of ways that these risks can be managed including the identification,
assessment and control of hazards in the workplace.

 A hazard is anything that
can cause injury, sickness or
damage.

 A risk is a measure of the chance that something will happen.

Four step hazard management

Effective hazard management can be achieved in four simple steps.

 Hazard identification
 Risk assessment
 Hazard control
 ‘Hazard monitoring

Two main types of hazard

1.Unsafe acts - things people do as part of their work.

2. Unsafe conditions - situations that occur in your workplace.


Some common workplace hazards

• Storage of materials and rubbish

• Lighting and ventilation

Hazard control - having identified a hazard and assessed it, the next step is to
control that hazard. In this case control means reducing the impact of the hazard by
either:

• reducing the consequences, or reducing the likelihood.

It is best if you can reduce both. The hierarchy of control shows how to do this.

Hierarchy of control methods

There are a number of ways to control hazards which can be placed in order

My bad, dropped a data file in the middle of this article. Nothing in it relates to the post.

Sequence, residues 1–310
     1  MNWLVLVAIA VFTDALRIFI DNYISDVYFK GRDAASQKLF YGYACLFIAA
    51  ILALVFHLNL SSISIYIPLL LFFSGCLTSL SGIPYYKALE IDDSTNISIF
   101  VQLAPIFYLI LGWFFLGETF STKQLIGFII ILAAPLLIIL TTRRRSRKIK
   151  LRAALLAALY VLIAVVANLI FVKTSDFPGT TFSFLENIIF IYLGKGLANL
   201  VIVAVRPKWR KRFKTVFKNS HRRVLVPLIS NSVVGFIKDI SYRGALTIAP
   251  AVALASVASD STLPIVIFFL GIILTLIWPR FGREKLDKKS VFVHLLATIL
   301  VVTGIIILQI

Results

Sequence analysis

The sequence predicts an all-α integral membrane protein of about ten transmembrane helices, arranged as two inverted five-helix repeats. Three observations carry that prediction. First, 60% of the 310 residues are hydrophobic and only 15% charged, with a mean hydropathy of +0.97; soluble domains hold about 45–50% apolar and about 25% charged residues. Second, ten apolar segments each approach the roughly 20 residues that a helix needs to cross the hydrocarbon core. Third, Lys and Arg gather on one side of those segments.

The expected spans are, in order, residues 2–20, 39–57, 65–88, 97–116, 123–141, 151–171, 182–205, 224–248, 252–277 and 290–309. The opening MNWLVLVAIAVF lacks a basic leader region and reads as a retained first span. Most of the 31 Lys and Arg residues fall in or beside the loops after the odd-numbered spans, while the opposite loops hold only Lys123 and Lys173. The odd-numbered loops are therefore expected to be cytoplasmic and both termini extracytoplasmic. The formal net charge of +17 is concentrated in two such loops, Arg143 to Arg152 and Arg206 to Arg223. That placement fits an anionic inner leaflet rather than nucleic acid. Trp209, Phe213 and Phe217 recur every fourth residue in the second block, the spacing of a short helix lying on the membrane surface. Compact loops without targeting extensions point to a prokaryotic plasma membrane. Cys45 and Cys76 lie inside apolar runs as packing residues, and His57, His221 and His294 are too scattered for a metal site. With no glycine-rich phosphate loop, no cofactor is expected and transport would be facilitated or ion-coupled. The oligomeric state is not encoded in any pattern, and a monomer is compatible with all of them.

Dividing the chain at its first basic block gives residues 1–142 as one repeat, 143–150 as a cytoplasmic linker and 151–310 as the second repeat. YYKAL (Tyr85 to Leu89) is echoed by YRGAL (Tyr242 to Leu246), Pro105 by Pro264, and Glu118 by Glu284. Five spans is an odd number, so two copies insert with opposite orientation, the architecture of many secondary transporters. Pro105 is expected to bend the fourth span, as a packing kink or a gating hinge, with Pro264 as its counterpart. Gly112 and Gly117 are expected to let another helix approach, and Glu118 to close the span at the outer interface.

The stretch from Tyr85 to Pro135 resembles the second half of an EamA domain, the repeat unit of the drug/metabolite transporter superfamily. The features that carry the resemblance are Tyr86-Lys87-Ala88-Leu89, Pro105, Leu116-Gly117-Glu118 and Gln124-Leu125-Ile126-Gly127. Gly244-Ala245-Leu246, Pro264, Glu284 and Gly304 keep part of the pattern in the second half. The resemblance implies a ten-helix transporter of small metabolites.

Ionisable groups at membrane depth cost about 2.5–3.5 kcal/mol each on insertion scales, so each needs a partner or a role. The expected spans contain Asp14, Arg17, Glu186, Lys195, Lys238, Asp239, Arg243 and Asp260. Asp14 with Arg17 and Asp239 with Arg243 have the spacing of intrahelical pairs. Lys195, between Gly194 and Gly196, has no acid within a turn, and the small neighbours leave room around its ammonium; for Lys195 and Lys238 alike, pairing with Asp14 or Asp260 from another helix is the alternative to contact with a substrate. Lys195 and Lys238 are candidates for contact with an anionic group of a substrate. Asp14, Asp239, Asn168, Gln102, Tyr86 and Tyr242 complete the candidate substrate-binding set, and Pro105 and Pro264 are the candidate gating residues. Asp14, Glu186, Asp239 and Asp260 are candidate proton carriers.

according to their suitability and effectiveness for managing a risk. These hazard
control measures are:

Elimination – Where work involves an
unacceptable risk, the best solution is


to
eliminate the work.

Substitution – Here a lower risk procedure is substituted for the high risk activity.

Isolation – Separate the task from employees who may be at risk.

Engineering Controls – Design a process or machine design to reduce the risk.

Administrative Controls – Apply controls to staff to ensure they operate in a


safer way.

Personal Protective Equipment – Allow the task to proceed but only with
precautions that limit the risk of injury.
Safe Practices

The four step hazard management process gives us a basis for working safely. To be
as effective as possible at working safely we need specific skills and procedures for
dealing with the everyday aspects of WHS/OHS. In this topic we look at:

 Personal Protective Equipment - PPE


 Manual Handling Techniques
 Dangerous Goods and Hazardous 
 Substances
 Tools, Equipment and Plant
 Working On and Around Vehicles
 Lifting Devices
 Housekeeping
 Signs and Symbols

Dangerous Goods and Hazardous Substances:

Dangerous Goods - are substances, mixtures or articles that, because of their


physical, chemical or acute toxicity properties, present an immediate hazard to
people, property or the environment.

Hazardous Substances - are those that, following worker exposure, can have an
adverse effect on health

Lifting Devices:

Lifting devices in automotive workshops include:

 Vehicle Hoists
 Hydraulic jacks and trolley jacks
 Vehicle ramps and stands

Housekeeping - as part of a duty of care all workers should contribute to daily


housekeeping. In simple terms this means working without making a mess and